Nothing makes a retro console more interesting than one that could have gone onto greatness, which is why this list of the best Dreamcast games of all time has an exciting yet bitter-sweet feel to it (that’s a good thing – please don’t stop reading).
The SEGA Dreamcast is a bit of an enigma. It’s perhaps the greatest ‘what if’ story in gaming history, SEGA’s swan song and a last-ditch attempt to keep the Sonic ship afloat in a world of bandicoots, Italian plumbers, and green hatted forest children (if you need help on deciphering those three games, then there’s no hope).
It sits in second-hand gaming stores like a mysterious object in a fantasy quest and prompts strange looks from children, a constant reminder of what SEGA could have gone on to achieve had they got the formula right.
Many consider the Dreamcast to have been way ahead of its time, especially with the removable VMUs that are now used by many aspiring modifiers and the fact that it was the first console that could connect up to the internet.
620 games were released for the console, a lot of which are incredibly innovative and fun to play, but sadly without the longevity needed to make the Dreamcast a house-hold name today. Still, if you are thinking of completing your retro console collection and looking for the best Dreamcast games ever made, then you’ve come to the right place.
That’s the history lesson over – let’s crack on with Number 25.
25. Chu Chu Rocket
First up on our list of the best Dreamcast games is ChuChu Rocket! It’s an action/puzzle game developed by the genius minds over at Sonic Team, and it’s addictive as hell. It’s also the first game for the console to support online play.
Talk about kicking things off with bang!
The aim of the game is to direct mice into escape rockets so that they can get away from hungry cats. Sounds totally legit, right?
Critics and the gaming public alike went mad for this game. It topped the charts in Japan when it first came out, and it was also the fist Sega release on a Nintendo console in the form of a GBA launch title.
The process of making this game online compatible also helped Sonic Team to develop the 10th entry in our list of the best Dreamcast games too. ‘ChuChu Rocket!’ was a groundbreaking title for the console. If only the Dreamcast could have got into one of those rockets and escaped its own terrible fate too!
24. The House Of The Dead 2
I’m gonna be honest with you; this game scared the living daylights out of me as a kid. I considered long and hard whether to include this title in our list. But I can’t deny that despite the childhood trauma it caused, it’s actually a cracking title.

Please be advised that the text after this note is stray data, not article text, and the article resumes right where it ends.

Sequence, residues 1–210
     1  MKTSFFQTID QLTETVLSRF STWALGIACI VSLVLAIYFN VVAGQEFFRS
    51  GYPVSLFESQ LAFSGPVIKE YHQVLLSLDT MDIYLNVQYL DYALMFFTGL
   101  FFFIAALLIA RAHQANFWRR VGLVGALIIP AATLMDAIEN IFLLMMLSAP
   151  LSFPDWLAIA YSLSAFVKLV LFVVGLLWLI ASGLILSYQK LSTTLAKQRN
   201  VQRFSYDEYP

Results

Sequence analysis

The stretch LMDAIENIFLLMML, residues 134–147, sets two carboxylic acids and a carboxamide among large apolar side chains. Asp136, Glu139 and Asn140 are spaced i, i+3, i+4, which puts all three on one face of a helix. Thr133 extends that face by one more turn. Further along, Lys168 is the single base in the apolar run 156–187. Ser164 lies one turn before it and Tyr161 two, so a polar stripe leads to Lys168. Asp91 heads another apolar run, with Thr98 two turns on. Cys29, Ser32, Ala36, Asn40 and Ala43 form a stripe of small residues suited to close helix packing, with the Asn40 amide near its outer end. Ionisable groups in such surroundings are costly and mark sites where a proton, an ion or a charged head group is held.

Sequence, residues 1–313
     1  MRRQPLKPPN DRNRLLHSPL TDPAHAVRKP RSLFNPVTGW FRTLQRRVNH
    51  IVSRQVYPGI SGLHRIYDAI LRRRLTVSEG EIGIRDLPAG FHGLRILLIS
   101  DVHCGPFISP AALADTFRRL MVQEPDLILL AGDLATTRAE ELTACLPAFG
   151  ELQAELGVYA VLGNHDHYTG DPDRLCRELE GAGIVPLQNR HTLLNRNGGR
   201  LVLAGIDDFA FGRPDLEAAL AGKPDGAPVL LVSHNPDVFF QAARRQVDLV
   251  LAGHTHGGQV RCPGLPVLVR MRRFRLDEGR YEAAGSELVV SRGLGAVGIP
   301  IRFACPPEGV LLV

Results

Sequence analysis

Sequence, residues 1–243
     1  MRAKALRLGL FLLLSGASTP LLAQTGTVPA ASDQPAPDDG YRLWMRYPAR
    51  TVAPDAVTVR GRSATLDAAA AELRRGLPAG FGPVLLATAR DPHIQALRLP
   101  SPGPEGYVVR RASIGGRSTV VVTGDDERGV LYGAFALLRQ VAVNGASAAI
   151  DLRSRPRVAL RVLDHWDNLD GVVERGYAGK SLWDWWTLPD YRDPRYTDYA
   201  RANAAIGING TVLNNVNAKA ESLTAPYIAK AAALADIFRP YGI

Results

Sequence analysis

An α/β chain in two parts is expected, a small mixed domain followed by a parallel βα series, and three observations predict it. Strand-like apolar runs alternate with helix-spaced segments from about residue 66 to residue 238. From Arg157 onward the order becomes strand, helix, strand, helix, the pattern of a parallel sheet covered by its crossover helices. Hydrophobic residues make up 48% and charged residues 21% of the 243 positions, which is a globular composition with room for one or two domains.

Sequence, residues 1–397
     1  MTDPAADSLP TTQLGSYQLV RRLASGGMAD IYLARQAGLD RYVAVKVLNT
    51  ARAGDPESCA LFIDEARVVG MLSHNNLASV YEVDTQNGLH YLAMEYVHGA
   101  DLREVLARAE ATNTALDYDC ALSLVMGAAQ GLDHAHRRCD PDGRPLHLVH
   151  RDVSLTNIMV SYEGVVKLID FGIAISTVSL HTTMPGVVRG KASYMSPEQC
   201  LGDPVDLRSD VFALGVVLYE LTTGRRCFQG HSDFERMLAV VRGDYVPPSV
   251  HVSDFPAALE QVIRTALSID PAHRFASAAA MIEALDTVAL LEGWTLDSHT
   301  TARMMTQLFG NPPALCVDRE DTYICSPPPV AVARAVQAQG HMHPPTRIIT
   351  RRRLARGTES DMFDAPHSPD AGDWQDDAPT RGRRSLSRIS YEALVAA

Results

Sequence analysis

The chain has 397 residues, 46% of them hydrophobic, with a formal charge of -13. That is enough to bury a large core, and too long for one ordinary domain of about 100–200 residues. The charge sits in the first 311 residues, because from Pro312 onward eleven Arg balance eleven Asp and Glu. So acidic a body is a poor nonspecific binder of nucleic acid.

Good games need to evoke a strong reaction with players, even if it is being scared out of your pants. The original arcade game with the light rail gun was a huge success, and the Dreamcast port allowed hardy gamers to experience some undead slaying action from the comfort of their own homes.
The House Of The Dead 2 has a cool multiple path feature. It allows gamers to experience different scenarios determined by which direction they take, but they all lead to the same point at the end.
It’s gory, it’s full of zombies, and it’s probably not something that you’d want to have a go on before eating your dinner. Fans of Resident Evil and The Walking Dead will love this title. Just don’t play it when I’m around.
23. Unreal Tournament
Before PUBG and Fortnite, Unreal Tournament reigned supreme. It’s a first-person shooter with some of the gnarliest weapons of any game, and the general aim is to make sure that you outlive all of the other competitors.
Head-to-head death matches never looked so good thanks to the Unreal Engine that powers this title. The graphics are superb, far outshining what you might expect from a Dreamcast game. Critics went crazy for it, and rightly so.
My mates and I still kick back on this game on a weekend, and they still cry when I beat them.
Unreal Tournament has multiple modes such as capture the flag, last man standing, and domination. In true Goldeneye-style, body armour and a whole host of mad weapons can be picked up as you search the levels for other players to wipe out.
You can fight against bots in single player mode while working your way up a tournament ladder, or you can destroy your mates while kicking back with a few beers. You’re bound to have a good time no matter how you play Unreal Tournament, which is why it’s a fitting entry for our list of the best Dreamcast games.
22. Metropolis Street Racer